Crime-watch app Citizen Employees Vote to Unionize

Citizen employees announced that they decided to unionize, marking a rare case of effective labor organizing at a venture-backed technology business.

According to Citizen union spokesman Beth Allen, Communications Workers of America received overwhelming support in a National Labor Relations Board election. 

According to the labor board, 51 of the bargaining unit’s approximately 90 eligible voters voted in support of unionization, while 22 voted against it. The bargaining unit will include central operations staff who are in charge of sending out news alerts and listening to police scanners.

Citizen, which has garnered $133 million in funding from investors like Peter Thiel’s Founders Fund and Sequoia Capital, has a presence in more than 60 locations across the United States. 

The unionization effort is the latest step forward for organized labor in a year that has seen a surge in job resignations and strikes authorizations across a wide range of industries. CWA has led many of these initiatives in the historically nonunion tech field, recently earning recognition at a few corporations and launching campaigns at Alphabet Inc. and the New York Times Co. for tech employees.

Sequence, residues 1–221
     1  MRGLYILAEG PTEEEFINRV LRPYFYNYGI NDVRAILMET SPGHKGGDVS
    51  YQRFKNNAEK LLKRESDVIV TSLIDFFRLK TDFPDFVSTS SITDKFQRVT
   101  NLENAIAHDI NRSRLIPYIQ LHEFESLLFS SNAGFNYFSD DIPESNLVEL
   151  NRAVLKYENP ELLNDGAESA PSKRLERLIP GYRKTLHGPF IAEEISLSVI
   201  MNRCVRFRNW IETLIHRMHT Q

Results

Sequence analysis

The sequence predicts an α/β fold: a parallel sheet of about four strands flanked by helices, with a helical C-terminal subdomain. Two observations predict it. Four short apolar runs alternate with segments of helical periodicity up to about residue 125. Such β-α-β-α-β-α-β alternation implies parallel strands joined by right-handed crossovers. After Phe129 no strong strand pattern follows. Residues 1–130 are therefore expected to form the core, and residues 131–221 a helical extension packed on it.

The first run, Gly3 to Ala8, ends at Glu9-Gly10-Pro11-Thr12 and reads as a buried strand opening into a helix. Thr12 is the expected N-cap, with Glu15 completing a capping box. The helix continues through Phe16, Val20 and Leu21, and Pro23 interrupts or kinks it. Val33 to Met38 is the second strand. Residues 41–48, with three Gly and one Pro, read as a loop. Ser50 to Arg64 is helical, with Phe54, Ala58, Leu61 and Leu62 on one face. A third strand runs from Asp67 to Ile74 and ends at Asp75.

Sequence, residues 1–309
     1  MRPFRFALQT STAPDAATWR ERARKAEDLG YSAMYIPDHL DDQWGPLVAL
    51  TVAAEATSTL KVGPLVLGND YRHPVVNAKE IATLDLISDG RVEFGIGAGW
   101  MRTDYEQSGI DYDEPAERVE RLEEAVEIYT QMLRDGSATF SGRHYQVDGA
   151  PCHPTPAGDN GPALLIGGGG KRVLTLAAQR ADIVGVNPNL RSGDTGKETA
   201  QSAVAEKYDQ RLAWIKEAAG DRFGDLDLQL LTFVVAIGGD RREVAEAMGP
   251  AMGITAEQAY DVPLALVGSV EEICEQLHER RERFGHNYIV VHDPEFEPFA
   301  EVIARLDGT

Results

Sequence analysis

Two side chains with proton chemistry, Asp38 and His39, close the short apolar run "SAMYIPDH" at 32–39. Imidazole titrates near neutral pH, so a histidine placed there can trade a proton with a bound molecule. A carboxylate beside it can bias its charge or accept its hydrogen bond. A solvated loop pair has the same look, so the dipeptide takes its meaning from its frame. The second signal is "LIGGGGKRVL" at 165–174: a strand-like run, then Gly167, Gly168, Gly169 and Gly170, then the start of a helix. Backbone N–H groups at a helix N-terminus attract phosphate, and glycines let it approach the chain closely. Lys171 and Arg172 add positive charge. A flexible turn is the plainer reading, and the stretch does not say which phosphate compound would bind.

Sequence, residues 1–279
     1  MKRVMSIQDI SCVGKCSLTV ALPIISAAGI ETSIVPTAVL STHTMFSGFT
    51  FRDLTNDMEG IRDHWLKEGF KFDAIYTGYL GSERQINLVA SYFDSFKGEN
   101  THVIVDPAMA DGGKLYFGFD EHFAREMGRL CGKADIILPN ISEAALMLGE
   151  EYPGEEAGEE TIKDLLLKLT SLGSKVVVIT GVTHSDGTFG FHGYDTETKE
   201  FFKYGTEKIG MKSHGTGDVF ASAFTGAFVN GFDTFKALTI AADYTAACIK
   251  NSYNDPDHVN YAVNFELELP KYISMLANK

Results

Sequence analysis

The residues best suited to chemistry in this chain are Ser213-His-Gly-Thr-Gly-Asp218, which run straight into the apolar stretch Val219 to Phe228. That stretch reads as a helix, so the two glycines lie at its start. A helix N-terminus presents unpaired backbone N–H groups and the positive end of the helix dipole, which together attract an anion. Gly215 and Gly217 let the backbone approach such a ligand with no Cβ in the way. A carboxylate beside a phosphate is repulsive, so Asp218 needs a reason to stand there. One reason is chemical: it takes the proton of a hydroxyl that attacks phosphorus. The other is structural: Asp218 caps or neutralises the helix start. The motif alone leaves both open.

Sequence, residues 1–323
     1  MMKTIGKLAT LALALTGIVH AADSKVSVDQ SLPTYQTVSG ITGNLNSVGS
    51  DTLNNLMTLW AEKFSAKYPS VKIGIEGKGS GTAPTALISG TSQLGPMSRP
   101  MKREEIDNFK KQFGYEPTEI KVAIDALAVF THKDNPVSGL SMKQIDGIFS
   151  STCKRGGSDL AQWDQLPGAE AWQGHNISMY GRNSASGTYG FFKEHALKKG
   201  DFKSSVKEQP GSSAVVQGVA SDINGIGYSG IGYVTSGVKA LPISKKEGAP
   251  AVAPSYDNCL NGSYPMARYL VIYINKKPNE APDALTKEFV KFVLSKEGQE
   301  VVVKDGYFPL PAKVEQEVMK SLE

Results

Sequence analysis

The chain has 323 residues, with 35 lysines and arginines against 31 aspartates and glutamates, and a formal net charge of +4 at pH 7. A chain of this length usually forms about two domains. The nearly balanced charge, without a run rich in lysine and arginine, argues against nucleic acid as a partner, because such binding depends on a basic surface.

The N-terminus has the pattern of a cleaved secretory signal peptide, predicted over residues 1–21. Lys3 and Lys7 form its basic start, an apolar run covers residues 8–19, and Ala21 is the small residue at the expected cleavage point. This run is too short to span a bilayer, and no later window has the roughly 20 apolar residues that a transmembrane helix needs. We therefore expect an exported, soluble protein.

According to a former employee who asked not to be identified since the material is confidential, unionization attempts at Citizen began amid Black Lives Matter protests in 2020, which drew a rush of people into the site. 

The former employee noted that the movement escalated when the corporation outsourced several positions and after Chief Executive Officer Andrew Frame placed a $30,000 prize on a man who was presumably wrongfully accused of arson in Los Angeles. The app’s users targeted a homeless man, who was ultimately freed by authorities due to a lack of evidence.

Several employment functions formerly done by Citizen central operations, such as monitoring emergency scanners for noteworthy things, were recently outsourced to offshore contract employees. Citizen has experimented with private security and subscription-based services in addition to local crime notifications.

Citizen has also recruited renowned big tech attorney Matthew Heckman as its first-ever legal head last month.

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